This week I was working on low-poly version of a traffic officer vehicle for WebGL-based online application. It was tricky task to convert a high-polygonal model of about one hundred thousand polygons into low-polygonal model of just about 3000 polygons, while keeping as much detail as possible both in geometry and textures.
This task consisted of two steps, the first of which was the creation of a low-polygonal shell over the original car, trying to reproduce the same shape as close as possible. The second step was to “bake” original textures into new smaller textures, which should correspond to a new UV-layout.
An important part of this process was the creation of a normal map, which serves to transfer details from high-polygonal surfaces.
Stefano – 3D Artist
Once again I find myself animating wild animals, which often present a real problem on the highways for traffic officers. The most recent recalcitrant ruminant is a cow.
To make a 3D model that moves realistically, I need to create ‘bones’ inside it, mainly referencing to the real skeleton structure of this animal. It’s important to have the centre of rotation of every bone in the right place to create a natural and realistic effect.
To make these bones easy to animate, I need to create appropriate controls.
Each control moves a bone or a group of bones in order to simplify the animation process, also automating some complex behaviours of the skeleton and muscles structure, allowing the animator to be more comfortable with fewer controls.
During this week I’ve also worked on our new MXTreality splashscreen, and that is where I’ve been encouraged the most to unleash all the creativity. An exciting logo animation is coming.
Kyung-Min – 3D Generalist
This week saw the majority of my efforts bringing MXTReality Events space work to a close. With a final motion capture session set up to produce the last set of animations, there’s only a day or so of tweaks left to clean them up and fine-tune them directly into the Events page.
Never a quiet moment at MXTreality and we already have a new, exciting project around the corner – we held a meeting to conceptualise potential approaches.
While I can’t say too much about it now, I can say that it is around Augmented reality and shows a wide range of applications beyond even our initial brief. Jumping from VR into Open GL and AR the next day is very exhilarating and feels like I’m moving between different dimensions.
We are also looking at expanding our software development library beyond just Unity to bring in potential options, beginning with the behemoth Epic games, so not just Unreal Engine 4 but the upcoming Unreal Engine 5.
While there is much excitement around the graphical fidelity on the trailer they released, my interest was focussed more on what it would mean for the graphical gap in Virtual reality.
What we can currently do is limited to about 50% of what the current top-end games can produce, as we must render everything twice through two cameras. But by changing the fundamentals of how these images are processed, so that billions of polygons can be directly loaded, it has been speculated to be using an approach much like with voxels or seen with point clouds data!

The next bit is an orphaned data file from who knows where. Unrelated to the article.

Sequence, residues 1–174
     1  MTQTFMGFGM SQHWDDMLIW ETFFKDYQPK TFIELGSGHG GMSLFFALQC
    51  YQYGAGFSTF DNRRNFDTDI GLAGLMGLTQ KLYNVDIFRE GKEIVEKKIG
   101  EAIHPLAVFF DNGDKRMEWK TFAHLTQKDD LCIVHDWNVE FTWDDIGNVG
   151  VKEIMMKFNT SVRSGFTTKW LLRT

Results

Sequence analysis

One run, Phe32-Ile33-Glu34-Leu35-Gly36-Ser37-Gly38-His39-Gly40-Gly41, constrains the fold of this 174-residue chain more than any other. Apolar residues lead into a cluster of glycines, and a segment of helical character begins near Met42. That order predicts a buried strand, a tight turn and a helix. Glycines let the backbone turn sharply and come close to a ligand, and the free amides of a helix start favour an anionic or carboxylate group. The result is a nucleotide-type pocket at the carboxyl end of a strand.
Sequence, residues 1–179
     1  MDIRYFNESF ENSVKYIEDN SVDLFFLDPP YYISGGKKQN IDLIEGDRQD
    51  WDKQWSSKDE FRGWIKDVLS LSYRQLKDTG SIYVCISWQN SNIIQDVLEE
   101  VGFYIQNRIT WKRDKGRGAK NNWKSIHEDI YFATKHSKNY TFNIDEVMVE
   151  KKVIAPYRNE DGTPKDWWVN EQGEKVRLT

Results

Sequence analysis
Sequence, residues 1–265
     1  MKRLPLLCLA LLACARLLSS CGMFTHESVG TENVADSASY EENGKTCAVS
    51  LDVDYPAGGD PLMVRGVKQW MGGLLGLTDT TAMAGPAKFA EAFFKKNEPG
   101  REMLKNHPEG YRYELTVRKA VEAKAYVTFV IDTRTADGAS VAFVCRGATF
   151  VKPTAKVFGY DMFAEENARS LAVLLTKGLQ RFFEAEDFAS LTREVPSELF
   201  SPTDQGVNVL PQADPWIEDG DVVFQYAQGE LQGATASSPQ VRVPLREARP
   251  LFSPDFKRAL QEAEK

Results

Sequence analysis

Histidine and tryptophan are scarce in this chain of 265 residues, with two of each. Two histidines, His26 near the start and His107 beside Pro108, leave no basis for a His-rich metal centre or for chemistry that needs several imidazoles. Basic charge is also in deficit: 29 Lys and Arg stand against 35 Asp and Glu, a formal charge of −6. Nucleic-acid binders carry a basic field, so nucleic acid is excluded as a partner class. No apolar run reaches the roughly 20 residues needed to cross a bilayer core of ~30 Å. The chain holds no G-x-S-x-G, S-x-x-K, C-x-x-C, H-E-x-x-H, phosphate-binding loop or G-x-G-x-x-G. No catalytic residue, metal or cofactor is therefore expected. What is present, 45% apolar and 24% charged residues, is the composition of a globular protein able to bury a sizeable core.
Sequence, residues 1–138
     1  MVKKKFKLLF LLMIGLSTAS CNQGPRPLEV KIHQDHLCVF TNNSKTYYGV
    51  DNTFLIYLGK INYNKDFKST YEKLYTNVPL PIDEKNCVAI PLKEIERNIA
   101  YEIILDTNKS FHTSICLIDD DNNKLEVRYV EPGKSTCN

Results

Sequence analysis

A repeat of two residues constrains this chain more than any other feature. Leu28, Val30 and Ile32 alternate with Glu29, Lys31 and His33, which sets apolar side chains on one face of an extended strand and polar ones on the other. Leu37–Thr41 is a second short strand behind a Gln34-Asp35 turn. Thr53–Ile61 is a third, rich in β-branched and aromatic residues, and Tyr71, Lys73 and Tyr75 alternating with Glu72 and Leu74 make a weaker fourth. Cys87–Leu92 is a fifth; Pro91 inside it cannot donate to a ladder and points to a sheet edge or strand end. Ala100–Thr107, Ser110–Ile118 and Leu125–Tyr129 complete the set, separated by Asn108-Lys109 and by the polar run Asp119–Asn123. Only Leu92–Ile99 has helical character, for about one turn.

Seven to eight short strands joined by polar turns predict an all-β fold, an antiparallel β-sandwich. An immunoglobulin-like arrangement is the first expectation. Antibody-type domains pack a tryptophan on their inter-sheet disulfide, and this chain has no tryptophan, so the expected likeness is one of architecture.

If correct what this could mean for VR is instead of creating one scene and having to render it from 2 angles we could simply create the environment twice and display the different angles of the same environment on each screen removing the graphical gap or performance.
Because currently much of our work revolves around optimisation of assets to offset the performance costs of VR, this would change our workflow and unload a huge amount of work off the art department, allowing us to focus on making things look good rather than making them run.
Working to get the best results now, but also taking time to prepare and build for the future is always a consideration, so it been exciting to have time to discuss and study potential options.
We have all experienced corporate meetings that involve mostly statistics and projections, but I’ve realised here that a lot of the freedom to experiment and make decisions is left to us creators and programmers.
This ensures, when we are called for a meeting or to discuss a new brief, we all approach it with a sense of excitement, energised by the new project. So, keep your eyes peeled as we build up to our next AR project, I’m confident you will be impressed!
Jordi Caballol – Programmer
This week I’ve added the last details to the game and moved on to new projects. Specifically the Scenario 4 for our traffic officer VR.
For the scenario I’m setting up all the usual stuff in the scene. Thanks to having developed the previous scenarios, we already have almost everything we need and it’s now just a matter of using it all to create the new scenes.
But, there is a more interesting part in this Scenario 4: they also want a smooth transition when we load the scenarios, so we are going to try to recreate the holodeck from Star Track. This week it has been all about researching how to do it and next week it will be time to implement it – can’t wait!